I was at Target this morning, moving through one of the long central aisles that cross the store, passing the housewares section, when I heard a woman yell in a loud, raging way: “Stop that!” or “Knock it off!”
She was a large woman in a tank top, and she had bright red hair and glasses. Late 20s, early 30s, maybe. She was was holding a plastic wastebucket by the rim, one she looked interested in purchasing. Its bottom faced toward a little blond girl, 5 or 6. The girl, like the woman, was wearing glasses. I saw the girl grab at the woman or even swat her. The woman, responded by–right when I was looking–jabbing the wastebacket twice towards the little girl’s face. Her gesture, in my mind, was saying, “I’ll smack you with this, and see how you like it, and that will teach you to hit me!”
I found the gesture shocking and threatening. I stopped. The woman caught me looking at her, and I held my stare. At the time, I was thinking, I’ll let her know that I saw what she did with the wastebacket, and that I disapprove and think it’s not just a childish, ineffective response, but potentially abusive.
I need to confess that I have never been paragon of calm virture when it comes to dealing with whining, tantrum-throwing kids. So, I really hesitate to judge other parents when they are in the midst of dealing with a kid meltdown.
Yeah, I yelled at my son when he was little. He’s now 11, and I yelled at him this year. He used to throw amazing tantrums when he was 2, 3, 4, and he was not a kid who would go into “time out.” Not unless we had physically restrained him–which we did, for his own safety–or locked him in his bedroom–which we didn’t, again for safety reasons.
These days, when he’s not getting what he wants, he draws on his amazingly verbal and persistent skills of nagging to attempt to push my buttons, wear me down, trap me in a contradiction. He is, as my husband pronounced the day he was born, “determined.” Yes, I have told him he should be a lawyer.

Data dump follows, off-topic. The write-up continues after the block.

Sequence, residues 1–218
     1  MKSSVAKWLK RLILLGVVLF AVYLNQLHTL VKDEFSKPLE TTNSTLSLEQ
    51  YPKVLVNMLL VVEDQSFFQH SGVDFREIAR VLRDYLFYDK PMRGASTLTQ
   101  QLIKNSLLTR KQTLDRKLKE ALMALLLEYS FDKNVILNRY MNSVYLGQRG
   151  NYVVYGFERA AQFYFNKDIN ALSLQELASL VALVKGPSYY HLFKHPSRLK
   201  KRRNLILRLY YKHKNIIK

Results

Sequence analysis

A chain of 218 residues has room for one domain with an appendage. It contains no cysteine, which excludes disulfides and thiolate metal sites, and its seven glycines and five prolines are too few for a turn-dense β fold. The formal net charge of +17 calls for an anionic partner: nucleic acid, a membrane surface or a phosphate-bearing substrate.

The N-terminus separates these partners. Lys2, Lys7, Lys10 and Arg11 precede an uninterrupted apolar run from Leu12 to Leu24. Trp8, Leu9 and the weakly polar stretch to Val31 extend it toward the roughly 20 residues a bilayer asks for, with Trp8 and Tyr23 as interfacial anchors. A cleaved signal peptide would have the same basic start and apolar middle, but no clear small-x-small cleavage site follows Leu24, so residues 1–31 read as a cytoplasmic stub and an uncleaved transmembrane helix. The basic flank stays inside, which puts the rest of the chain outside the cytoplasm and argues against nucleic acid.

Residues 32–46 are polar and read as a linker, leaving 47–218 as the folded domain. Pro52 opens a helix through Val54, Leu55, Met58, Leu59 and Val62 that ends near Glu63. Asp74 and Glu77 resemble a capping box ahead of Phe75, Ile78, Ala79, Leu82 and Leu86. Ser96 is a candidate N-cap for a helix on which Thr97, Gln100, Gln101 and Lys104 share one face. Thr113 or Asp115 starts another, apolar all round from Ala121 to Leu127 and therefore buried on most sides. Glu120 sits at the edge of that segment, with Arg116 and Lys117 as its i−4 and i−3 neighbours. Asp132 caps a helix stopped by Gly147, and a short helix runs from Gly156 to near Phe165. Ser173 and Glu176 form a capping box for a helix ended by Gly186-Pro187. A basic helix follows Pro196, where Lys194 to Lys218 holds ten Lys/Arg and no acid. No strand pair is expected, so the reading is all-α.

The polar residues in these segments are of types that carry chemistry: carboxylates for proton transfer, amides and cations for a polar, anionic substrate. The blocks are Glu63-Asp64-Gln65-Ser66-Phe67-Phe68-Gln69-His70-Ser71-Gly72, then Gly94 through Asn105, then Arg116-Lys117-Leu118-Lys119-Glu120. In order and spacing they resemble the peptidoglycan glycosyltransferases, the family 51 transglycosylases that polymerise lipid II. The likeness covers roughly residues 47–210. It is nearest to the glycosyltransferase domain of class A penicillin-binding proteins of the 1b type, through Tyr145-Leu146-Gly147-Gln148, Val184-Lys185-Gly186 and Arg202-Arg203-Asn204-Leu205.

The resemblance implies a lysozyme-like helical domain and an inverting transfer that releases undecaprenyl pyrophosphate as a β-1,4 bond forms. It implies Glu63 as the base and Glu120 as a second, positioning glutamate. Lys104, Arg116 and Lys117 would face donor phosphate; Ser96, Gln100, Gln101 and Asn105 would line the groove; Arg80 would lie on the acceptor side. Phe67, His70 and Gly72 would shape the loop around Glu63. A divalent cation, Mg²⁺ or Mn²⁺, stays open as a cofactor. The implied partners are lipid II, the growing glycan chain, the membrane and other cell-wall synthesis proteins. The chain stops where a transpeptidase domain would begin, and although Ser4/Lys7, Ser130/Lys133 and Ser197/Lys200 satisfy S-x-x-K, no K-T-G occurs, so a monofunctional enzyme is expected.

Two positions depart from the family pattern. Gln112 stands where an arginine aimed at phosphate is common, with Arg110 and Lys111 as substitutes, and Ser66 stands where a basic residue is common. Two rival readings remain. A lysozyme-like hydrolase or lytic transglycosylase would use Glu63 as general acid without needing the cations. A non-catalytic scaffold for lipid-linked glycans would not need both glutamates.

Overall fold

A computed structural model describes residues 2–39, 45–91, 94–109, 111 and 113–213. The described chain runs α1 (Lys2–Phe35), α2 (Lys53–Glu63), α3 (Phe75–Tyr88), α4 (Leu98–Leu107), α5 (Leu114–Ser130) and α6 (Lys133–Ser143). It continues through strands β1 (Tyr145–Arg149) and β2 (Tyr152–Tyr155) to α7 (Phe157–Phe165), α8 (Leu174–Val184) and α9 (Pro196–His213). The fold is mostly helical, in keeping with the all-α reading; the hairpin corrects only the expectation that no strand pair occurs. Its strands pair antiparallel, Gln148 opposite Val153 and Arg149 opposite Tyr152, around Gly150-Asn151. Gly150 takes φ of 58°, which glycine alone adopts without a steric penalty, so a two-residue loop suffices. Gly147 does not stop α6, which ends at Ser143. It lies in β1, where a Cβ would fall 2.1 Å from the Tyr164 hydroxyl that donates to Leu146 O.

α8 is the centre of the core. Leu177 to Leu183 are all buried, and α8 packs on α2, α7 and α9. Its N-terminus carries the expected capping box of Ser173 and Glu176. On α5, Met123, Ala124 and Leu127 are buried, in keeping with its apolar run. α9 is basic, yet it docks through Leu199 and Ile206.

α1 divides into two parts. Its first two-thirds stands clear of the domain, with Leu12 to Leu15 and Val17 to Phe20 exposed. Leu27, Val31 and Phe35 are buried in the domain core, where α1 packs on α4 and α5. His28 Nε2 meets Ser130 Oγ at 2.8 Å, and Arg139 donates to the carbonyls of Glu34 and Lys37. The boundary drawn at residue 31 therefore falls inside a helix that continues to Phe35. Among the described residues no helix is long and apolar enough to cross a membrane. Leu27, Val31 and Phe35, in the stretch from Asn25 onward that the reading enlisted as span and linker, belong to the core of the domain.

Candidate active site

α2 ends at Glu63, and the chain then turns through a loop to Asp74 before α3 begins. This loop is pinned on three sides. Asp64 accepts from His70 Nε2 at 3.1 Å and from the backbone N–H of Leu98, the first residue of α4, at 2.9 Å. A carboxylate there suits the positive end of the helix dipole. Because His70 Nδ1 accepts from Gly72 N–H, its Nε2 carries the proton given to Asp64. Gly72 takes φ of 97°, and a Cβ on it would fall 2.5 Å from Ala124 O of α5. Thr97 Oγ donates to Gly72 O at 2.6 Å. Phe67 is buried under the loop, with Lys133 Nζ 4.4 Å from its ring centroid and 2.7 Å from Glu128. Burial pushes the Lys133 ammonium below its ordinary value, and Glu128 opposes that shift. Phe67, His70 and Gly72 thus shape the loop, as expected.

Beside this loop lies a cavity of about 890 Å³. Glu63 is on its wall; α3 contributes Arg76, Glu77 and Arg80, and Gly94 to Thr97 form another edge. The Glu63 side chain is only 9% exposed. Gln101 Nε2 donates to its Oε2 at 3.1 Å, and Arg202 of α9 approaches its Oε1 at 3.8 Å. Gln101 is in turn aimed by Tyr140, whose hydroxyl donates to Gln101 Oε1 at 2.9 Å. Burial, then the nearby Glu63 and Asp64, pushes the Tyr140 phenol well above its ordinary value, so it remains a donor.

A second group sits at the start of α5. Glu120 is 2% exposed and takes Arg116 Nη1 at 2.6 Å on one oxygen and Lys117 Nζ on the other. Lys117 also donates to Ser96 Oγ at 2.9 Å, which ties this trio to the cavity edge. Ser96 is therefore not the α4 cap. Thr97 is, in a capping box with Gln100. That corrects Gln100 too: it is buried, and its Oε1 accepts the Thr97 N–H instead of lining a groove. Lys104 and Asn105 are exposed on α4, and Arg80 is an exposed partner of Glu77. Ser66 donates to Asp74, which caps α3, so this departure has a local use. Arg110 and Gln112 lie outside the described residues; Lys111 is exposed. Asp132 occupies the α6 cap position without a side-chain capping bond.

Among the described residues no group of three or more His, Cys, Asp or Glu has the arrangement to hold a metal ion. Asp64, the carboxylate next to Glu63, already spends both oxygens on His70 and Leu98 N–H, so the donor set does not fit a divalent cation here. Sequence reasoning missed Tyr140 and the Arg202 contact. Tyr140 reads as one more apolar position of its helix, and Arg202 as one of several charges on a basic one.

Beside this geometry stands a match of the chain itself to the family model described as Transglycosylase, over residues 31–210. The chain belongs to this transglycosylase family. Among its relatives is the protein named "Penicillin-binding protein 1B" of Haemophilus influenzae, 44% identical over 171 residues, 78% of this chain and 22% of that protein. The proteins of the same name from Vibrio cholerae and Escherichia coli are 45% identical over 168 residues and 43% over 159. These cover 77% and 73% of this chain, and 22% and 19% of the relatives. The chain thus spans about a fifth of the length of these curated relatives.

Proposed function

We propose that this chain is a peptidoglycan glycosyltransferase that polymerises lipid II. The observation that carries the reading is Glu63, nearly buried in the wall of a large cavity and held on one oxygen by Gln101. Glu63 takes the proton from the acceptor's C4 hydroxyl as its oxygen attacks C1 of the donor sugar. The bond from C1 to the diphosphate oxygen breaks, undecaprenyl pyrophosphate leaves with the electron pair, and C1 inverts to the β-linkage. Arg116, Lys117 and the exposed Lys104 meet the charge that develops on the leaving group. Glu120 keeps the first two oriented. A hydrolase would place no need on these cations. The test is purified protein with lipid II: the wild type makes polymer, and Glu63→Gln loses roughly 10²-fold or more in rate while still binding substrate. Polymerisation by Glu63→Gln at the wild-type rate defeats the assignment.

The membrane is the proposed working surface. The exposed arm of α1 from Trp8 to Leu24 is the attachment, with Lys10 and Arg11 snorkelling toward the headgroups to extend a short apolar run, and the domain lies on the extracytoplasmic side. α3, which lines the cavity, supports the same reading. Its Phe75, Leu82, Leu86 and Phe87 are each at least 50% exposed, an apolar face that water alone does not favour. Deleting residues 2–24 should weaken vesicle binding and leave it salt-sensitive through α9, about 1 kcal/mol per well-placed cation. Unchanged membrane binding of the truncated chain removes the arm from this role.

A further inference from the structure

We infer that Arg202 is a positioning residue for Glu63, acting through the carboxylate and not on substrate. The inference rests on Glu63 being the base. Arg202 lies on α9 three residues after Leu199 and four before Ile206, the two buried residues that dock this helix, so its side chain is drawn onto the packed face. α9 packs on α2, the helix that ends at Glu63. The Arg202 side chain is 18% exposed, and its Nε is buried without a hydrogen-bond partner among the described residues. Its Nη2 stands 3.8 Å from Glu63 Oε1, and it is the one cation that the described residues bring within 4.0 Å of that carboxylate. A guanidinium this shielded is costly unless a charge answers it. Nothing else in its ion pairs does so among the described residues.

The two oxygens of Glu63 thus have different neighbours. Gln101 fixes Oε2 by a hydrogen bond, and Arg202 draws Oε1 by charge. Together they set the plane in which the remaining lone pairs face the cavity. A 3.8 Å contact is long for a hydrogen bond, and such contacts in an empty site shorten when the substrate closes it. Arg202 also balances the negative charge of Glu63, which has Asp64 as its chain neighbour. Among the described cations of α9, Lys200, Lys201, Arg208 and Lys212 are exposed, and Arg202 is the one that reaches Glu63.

I spanked my son once when he was 2 or 3 and having one of his tantrums. I spanked him because I was trying out what some parenting experts think is a perfectly fine response to small-child misbehavior. A swat on the behind: Gets their attention! Stops them cold!
We were at home at the time. Not out in public. Not that it really matters.
I don’t remember the exact circumstances. I just remember my heart wasn’t in it, and I didn’t spank with the right force or attitude. Basically, my swat was weak, ill-conceived, mistimed. I turned out to be a failure at the spare the rod-spoil the child idea of corporal punsihment. Anyway, he was wearing diapers at the time and probably didn’t feel any pain.
I ended up feeling silly and out of control, which I was. He sensed that I was feeling out of control and that just made him, likewise, feel more out of control, as well as scared and angry. I learned thereafter that it was fine for me to step out of the room and take a Mommy Timeout.
Back to this morning’s incident in Target:
Threatening to hit your kid with a wastebasket? In the middle of a crowded department store? What was this woman thinking? As much as I don’t want to judge other parents, especially those in the midst of kid meltdown, I still think this woman was acting like an idiot. Of the many things I might have asked her: Have you no shame? What an immature thing to do. What are you teaching your daughter?
Yeah, that mom deserved a stare-down. A look of scorn and disapproval.
Perhaps I should have done or said something more? But what?
Since she didn’t actually hit her child with that wastebasket, she couldn’t have been arrested. But you have to wonder, if she feels free to act that way in public, is she behaving worse in the privacy of their home?
So, what do you do, if you see a parent acting out with their kid, disciplining them in a way that strikes you as inappropriate, cruel, or abusive?
I’m not sure my brief stare-down with this women had any affect. After I turned to walk away back down the aisle, I heard her resume her yelling.